Swedes and a pair of Wimby Brits to mark the day.
(William Renshaw born 1861, d. Aug. 12 1904)
Ernest Renshaw (born 1861, d. Sept. 2, 1899)
The Renshaws were a family Wimbledon dynasty.
Willie won 14 Wimbledon titles in the 1880s – seven of them in singles (tying him with Pete Sampras, even though you really can’t compare eras in this case. In Renshaw’s day they had the challenge system; the reigning champion had a bye right to the final).
In three of those finals, he beat twin brother Ernest. The twins won the doubles seven times; Ernest won the singles himself in 1888.
The ‘staches, back in the day, were a required part of the dress code. How they could even get the ball over the net with those racquets is a mystery to the modern player.
Both Renshaws, unfortunately, died quite young.
(Pics from Wikipedia)
Lee was ranked No. 36 midway through 2007, but quickly fell off the map due to age and injuries.
He had been in the top 100 every year since 2002. His one ATP Tour singles title came in Sydney in 2008, around this time of year.
He represented his country in Davis Cup just about every year from 1995 to 2009, posting a 51-23 record – 41-9 in singles.
Lee’s last match came in Oct. 2009, in a Challenger at home in Korea. He had to retire against countryman Soong-Jae Cho.
Or so everyone thought; turned out it wasn’t quite done. Lee was back on court by 2013 and currently has a doubles ranking of No. 644 after playing four tournaments in 2015. He also played one singles tourney in 2014 and a Challenger last April, where he qualified before losing in the first round to Australia’s Jordan Thompson.
Lee won a Futures in Korea in May teamed up with Seong-chan Hong, and reached the final of a Challenger in Seoul with Danai Udomchoke (currently the coach of Yen-Hsun Lu, but still playing) just before that. Three of the tournaments came with Hong, who was just 17 at the time and is currently the No. 4-ranked junior in the world and a finalist in the boys’ singles at the Australian Open a year ago.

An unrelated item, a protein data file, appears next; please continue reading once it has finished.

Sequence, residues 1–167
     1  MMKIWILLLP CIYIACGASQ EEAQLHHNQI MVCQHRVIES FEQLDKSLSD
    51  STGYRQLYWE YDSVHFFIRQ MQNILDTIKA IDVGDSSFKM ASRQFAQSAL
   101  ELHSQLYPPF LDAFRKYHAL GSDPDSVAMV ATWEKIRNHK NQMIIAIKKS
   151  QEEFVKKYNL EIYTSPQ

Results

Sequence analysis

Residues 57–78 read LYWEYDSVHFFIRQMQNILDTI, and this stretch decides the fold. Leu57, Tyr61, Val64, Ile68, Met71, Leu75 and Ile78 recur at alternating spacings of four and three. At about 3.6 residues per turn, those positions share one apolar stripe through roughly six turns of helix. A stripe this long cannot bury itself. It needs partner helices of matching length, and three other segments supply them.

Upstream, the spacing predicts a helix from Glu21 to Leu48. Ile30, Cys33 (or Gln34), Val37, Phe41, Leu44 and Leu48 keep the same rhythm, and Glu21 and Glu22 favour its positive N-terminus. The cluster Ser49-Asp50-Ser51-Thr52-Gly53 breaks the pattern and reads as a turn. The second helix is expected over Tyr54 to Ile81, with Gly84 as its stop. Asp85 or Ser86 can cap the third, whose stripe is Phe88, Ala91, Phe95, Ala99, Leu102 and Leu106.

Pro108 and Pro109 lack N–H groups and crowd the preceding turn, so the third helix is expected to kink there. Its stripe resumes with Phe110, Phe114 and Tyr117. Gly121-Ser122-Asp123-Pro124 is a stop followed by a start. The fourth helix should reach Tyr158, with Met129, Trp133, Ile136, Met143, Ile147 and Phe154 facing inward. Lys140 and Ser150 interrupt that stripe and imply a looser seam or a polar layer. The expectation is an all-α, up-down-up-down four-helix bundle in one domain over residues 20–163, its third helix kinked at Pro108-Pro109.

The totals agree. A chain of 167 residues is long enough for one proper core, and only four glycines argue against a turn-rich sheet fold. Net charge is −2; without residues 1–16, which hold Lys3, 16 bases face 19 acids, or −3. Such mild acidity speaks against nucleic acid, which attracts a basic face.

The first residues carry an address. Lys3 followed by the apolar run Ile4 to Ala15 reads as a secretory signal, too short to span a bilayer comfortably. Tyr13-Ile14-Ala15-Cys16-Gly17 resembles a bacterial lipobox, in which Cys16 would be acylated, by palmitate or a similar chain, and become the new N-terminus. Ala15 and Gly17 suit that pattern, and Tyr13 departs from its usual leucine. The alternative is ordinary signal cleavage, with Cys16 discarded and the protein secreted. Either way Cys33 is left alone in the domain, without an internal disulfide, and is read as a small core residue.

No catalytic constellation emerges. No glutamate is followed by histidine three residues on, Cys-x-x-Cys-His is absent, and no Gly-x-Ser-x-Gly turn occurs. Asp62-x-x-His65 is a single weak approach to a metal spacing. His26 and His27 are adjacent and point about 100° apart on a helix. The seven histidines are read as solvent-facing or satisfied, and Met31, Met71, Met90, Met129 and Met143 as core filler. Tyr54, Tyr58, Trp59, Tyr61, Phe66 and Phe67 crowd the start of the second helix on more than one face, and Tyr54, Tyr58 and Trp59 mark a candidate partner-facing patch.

That’s a great mentorship; there aren’t many players who have come out of Korea in the past, although they have a few young guys now – notably Hyeon Chung.
The smiling, crowd-pleasing Lee was one of the few Koreans to have had a viable career in the pros. So he can be proud of what he has accomplished and clearly is paying it forward.
There are a lot of foot soldiers out there in tennis, guys who may not have been big stars but put forth professional, consistent performances year after year (see Gustafsson, below, for another example). And Lee is one of them.
(born 1980, died Oct. 25, 2008)
Luzzi reached No. 92 in the world in the early 00s, but struggled with a shoulder issue after that, and was most notorious for receiving a 200-day suspension in 2008 (and a $50,000 fine) for betting on matches over a three-year span.
The ATP didn’t determine that he had attempted to influence the result of matches – indeed, he once bet on himself to win. But he got docked anyway (in that way that the ITF has of only catching the small fish). And it pretty much ended his career. Many more came after him, but Luzzi was among the first.
Luzzi was playing a club match in Sardinia when he had to retire because of a fever in Oct. 2008. Less than two weeks later, he was dead of leukemia at age 28.
A lawsuit was filed on his behalf in July, 2009 (and included other Italian players nailed for the same transgressions) against the ATP, basically saying the Tour had used them as scapegoats to get people off their back about bigger fish.
ESPN tried, unsuccessfully, to have the documents filed with the suit allegedly proving this unsealed. The suspensions were upheld, and the players lost on appeal as well.
Gustafsson was in the top 100 for 16 straight years through 2002, and reached No. 10 in the world in 1991.
He won an ATP title every year from 1991 through 2000, except in 1995.
That is a serious burst of longevity.
The Swede won 14 titles and more than $4.5 million in his career.
(Pic from the ATP Tour website)
Carlsson’s career was shorter, but he scaled higher peaks – to no. 6 in 1988.
Knee issues came into play as early as 1987, when he was just 19. Three years before that, Carlsson had won the junior French Open.
He won nine titles – five of them in 1988, including Hamburg, Madrid and Barcelona, after coming back from major knee surgery in the summer of 1987 – and just under $1 million in prize money. He went 50-6 that season, all of the matches on clay.
The surface choice is probably why he’s not remembered as well as he might be, given he was a top-10 player. In his career, he played just 13 matches on the hard courts. He really didn’t have much of a choice, because of the knee.
The Swede had more knee surgery in 1989, and that was pretty much it for him. He officially retired in May, 1990, and returned from his official home in Monte Carlo back to Sweden, where he trains horses (trotters).
A tough, tough customer on the dirt. And really, really blonde.